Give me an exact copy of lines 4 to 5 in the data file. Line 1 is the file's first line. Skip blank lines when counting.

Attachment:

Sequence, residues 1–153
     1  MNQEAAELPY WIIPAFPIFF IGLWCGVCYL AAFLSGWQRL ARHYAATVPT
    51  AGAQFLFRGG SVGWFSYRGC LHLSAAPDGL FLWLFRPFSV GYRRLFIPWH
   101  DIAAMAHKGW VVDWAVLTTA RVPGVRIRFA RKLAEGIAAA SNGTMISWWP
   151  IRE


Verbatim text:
   101  DIAAMAHKGW VVDWAVLTTA RVPGVRIRFA RKLAEGIAAA SNGTMISWWP
   151  IRE